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From Homo Performans to Interspecies Collaboration: Broadening the Spectrum to include Nonhuman Performance

Cull, Laura (2015) From Homo Performans to Interspecies Collaboration: Broadening the Spectrum to include Nonhuman Performance In: Performing Animality: Animals in Performance Practices. Palgrave Macmillan, pp. 19-36. ISBN 978-1-137-37312-0

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The primary aim of this chapter is to look at how we relate to nonhuman behavior and to what extent we are willing or able to include it in our concept of performance. Given this aim, the chapter begins by focussing on the ambivalent way in which nonhuman animals figure in one of the prominent theories of performance: namely, Richard Schechner’s ‘broad-spectrum’ account. Here, I draw from the definition of performance and its relation to the nonhuman as outlined by in his influential work Performance Theory (1977/2003). Schechner’s landmark book was first published in 1977, though Schechner recalls that he had been working on its contents from the late 1960’s onwards. Of particular relevance to our own concerns is that during this time, Schechner was reading Darwin’s book The Expression of the Emotions in Man and Animals, and engaged with the work of ethologists such as Huxley, Lorenz and Eibl-Eibesfeldt – influences that can be felt throughout the final text. In what follows, I also make some brief, preliminary links between the broad-spectrum and the work of the contemporary French theorist François Laruelle, whose insistence on the need to expand our understanding of what counts as thought (from a non-standard philosophical perspective) has been recently shown to extend to a demand to rethink the relation between the human and nonhuman. Next, the chapter examines the emerging, interdisciplinary field of artistic practice known as ‘interspecies collaboration’, suggesting a link between these and what John Mullarkey calls ‘complete anthropomorphism’ (where anthropomorphism is no longer a pejorative term). Here, our interest lies in the notion of performance not only as a way of seeing – which would be to reassert the human tendency to focus on vision – but as a mode of existence or lived stance that can give the ‘benefit of the doubt’ to nonhuman life as we do, every day, in our relations with humans (Mullarkey 2012: 53). Can performance operate as a site in which those currently defined as human and nonhuman can open themselves to the affects of the other and develop a felt understanding of their continuity and difference? Can interspecies collaboration in particular open us up to new understandings of performance and, as such, to new concepts of the human as well? In summary, then, this chapter shows how the broad-spectrum thesis goes so far as to extend the definition of performance to allows animals in as performers – according to an openness or inclusivity that Schechner and others have retreated from in order to maintain an identity for the spectrum (ie. that the spectrum does not extend to infinity at both ends). As we shall see, that retreat comprises an exclusive gesture whereby the spectrum is re-centred on the human in an anthropocentrism that simultaneously serves to protect the broad-spectrum thesis. For Schechner, to allow the animal onto the spectrum whole-heartedly is to risk anthropomorphism. However, for us, following ideas from Laruelle and others, I argue that seeing the animal as performer is not necessarily a species of projective fantasy but can act on the very definition of performance and performer in a manner akin to gestures within recent non-standard philosophy. Just as such work aims at a complete or two-way anthropomorphism which expands the meaning of philosophical thought - not merely by projecting the human onto the nonhuman, but by mutating the meaning of both philosophy and the human – this chapter constitutes a preliminary step towards a complete anthropomorphism of performance.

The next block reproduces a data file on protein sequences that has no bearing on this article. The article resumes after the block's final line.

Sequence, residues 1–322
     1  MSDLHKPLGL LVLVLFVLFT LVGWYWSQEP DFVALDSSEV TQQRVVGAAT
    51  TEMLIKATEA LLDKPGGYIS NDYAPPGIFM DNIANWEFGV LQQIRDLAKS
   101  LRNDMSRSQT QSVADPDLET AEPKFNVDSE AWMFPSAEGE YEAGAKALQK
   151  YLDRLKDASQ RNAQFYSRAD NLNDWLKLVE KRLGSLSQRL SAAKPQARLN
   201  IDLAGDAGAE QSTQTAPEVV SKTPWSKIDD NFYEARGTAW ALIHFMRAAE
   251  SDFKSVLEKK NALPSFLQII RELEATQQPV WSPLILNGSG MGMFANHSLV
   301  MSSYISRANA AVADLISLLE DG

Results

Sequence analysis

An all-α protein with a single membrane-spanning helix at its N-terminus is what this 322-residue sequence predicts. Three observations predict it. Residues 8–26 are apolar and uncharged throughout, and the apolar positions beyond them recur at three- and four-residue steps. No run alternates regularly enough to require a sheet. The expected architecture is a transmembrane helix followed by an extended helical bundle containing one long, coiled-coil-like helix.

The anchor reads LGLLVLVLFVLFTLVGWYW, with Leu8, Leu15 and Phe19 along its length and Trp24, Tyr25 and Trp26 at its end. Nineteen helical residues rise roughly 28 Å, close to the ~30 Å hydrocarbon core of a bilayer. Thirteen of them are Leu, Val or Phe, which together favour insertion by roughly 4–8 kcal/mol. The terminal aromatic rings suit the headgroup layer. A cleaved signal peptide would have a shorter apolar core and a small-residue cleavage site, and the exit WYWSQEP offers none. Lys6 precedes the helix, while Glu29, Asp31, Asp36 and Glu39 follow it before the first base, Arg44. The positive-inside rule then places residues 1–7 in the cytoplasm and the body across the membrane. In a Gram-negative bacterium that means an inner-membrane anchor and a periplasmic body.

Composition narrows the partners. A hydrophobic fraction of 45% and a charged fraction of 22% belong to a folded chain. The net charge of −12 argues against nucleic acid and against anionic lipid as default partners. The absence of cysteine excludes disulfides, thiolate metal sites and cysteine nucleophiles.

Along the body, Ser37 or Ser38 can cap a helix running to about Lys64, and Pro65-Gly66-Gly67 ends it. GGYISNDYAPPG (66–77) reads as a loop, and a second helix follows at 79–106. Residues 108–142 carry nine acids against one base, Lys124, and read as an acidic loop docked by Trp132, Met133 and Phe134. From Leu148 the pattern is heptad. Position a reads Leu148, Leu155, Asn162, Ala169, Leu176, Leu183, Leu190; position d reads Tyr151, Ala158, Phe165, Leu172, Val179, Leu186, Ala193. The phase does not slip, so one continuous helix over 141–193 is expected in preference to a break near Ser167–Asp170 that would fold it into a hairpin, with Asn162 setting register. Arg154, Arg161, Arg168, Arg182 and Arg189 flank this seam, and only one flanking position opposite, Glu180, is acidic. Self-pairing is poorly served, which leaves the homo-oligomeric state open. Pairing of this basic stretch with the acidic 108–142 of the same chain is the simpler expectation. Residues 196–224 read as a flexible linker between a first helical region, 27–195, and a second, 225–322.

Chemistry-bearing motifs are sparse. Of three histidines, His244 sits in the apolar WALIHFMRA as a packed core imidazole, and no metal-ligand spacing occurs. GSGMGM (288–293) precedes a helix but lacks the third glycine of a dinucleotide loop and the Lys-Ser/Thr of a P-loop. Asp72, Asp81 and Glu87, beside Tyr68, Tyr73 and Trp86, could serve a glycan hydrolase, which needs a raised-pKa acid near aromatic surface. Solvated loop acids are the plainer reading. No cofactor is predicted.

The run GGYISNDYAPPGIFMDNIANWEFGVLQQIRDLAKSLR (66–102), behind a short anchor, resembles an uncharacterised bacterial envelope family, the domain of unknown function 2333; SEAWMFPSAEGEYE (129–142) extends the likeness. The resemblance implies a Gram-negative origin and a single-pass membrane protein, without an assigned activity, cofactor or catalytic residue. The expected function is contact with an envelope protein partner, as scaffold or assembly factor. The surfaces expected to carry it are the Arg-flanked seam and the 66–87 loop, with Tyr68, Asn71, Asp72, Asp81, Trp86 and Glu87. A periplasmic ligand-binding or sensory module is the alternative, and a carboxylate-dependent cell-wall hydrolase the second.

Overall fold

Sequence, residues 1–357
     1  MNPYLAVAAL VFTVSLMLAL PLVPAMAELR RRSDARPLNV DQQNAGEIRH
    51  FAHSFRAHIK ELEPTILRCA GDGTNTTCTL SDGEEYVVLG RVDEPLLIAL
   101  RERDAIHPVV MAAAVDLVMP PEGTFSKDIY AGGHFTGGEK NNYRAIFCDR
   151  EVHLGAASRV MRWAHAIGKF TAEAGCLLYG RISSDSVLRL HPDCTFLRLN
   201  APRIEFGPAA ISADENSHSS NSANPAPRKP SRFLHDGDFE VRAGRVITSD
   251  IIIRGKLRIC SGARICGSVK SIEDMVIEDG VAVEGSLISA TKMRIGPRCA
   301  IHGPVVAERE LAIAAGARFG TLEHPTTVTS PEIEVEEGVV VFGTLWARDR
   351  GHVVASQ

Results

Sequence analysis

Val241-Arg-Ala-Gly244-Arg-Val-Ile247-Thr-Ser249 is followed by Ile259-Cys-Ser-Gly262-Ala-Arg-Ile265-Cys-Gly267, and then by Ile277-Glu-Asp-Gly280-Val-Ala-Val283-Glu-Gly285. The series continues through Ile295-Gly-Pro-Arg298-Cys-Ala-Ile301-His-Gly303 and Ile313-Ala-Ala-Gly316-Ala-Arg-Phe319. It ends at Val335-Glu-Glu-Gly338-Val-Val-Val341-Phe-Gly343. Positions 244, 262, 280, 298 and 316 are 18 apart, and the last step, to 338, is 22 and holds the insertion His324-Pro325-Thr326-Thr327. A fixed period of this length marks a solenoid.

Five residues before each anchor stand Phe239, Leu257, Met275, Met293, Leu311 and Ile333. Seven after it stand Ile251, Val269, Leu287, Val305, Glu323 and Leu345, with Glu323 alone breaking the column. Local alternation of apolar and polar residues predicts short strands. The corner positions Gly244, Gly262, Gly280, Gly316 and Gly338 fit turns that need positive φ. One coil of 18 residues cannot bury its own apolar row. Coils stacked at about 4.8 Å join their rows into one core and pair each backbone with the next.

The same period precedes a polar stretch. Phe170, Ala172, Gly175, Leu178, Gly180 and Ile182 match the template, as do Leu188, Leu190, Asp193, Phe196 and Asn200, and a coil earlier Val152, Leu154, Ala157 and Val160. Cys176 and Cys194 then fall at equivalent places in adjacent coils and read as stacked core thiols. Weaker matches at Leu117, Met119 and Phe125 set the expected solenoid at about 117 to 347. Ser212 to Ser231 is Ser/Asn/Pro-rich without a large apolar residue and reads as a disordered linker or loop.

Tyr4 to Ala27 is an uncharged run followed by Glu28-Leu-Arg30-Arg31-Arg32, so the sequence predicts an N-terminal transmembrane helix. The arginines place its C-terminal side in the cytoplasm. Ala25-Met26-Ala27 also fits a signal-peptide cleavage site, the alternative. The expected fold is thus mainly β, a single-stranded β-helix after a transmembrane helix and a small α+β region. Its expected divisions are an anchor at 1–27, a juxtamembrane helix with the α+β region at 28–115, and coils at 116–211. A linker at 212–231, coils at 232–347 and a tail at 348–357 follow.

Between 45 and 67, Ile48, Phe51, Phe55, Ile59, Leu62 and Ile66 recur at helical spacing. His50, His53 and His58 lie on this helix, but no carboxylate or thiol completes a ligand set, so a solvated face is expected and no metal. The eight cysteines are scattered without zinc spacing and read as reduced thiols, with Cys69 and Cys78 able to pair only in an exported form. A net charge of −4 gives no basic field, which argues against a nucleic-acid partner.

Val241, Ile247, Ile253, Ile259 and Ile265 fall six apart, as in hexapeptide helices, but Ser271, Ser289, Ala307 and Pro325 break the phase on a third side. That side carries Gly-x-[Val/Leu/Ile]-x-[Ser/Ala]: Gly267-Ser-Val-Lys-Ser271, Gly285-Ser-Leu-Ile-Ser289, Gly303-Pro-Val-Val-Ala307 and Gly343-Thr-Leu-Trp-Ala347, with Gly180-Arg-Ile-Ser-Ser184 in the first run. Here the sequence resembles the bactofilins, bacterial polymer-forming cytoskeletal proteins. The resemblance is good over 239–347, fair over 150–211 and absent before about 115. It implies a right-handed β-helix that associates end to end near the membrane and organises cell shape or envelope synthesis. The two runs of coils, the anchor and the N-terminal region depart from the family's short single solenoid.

Item Type: Book Section
Divisions : Faculty of Arts and Social Sciences > Guildford School of Acting
Faculty of Arts and Social Sciences
Authors :
Editors :
Parker-Starbuck, J
Orozco, L
Date : 1 January 2015
DOI : 10.1057/9781137373137_2
Uncontrolled Keywords : animals, nonhuman, performance, philosophy, Richard Schechner, interspecies collaboration, art, music, François Laruelle, anthropomorphism
Depositing User : Symplectic Elements
Date Deposited : 07 Jul 2017 08:56
Last Modified : 05 Mar 2019 14:08

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